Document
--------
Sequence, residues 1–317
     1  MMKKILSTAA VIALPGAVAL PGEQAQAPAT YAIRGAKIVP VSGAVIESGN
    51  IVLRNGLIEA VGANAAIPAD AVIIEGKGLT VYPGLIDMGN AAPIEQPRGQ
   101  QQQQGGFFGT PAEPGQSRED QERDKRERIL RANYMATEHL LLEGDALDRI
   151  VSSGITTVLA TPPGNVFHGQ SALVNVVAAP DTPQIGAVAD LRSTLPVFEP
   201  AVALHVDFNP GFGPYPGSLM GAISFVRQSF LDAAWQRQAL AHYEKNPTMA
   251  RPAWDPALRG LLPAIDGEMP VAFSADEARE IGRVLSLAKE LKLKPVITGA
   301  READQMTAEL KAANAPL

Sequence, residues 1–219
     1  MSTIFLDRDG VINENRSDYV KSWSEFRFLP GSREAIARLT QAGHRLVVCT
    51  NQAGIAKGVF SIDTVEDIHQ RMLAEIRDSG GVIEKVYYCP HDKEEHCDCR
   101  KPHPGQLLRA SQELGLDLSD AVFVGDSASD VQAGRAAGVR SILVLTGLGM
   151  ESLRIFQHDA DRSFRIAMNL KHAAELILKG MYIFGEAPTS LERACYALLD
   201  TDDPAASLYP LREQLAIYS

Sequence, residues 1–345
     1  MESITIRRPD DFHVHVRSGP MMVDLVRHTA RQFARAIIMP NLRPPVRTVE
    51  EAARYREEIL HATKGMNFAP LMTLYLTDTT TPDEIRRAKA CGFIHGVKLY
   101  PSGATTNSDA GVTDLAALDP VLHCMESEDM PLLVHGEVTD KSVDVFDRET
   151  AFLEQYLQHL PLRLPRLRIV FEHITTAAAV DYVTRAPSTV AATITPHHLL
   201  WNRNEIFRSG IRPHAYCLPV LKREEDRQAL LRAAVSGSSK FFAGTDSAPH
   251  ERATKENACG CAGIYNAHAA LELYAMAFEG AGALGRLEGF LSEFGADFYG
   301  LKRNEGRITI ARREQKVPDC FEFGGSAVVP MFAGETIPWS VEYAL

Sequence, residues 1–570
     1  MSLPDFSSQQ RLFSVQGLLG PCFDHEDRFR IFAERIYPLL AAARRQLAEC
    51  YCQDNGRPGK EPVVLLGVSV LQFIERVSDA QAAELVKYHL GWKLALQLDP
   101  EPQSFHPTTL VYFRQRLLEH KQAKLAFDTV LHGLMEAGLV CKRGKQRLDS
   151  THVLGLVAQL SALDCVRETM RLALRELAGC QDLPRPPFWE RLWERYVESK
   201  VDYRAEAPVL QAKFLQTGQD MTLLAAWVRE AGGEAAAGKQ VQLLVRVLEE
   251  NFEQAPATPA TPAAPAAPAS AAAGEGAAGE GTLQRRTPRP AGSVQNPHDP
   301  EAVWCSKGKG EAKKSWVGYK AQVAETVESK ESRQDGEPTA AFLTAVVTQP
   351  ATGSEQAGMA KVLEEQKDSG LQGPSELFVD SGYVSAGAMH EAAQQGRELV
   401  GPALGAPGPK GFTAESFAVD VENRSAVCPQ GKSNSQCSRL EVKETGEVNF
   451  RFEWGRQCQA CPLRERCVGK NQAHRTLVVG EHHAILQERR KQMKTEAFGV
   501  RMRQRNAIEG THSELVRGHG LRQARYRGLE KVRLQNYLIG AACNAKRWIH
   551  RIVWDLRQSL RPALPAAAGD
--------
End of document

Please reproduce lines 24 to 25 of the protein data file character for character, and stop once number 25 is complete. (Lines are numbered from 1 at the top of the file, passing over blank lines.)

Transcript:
     1  MSLPDFSSQQ RLFSVQGLLG PCFDHEDRFR IFAERIYPLL AAARRQLAEC
    51  YCQDNGRPGK EPVVLLGVSV LQFIERVSDA QAAELVKYHL GWKLALQLDP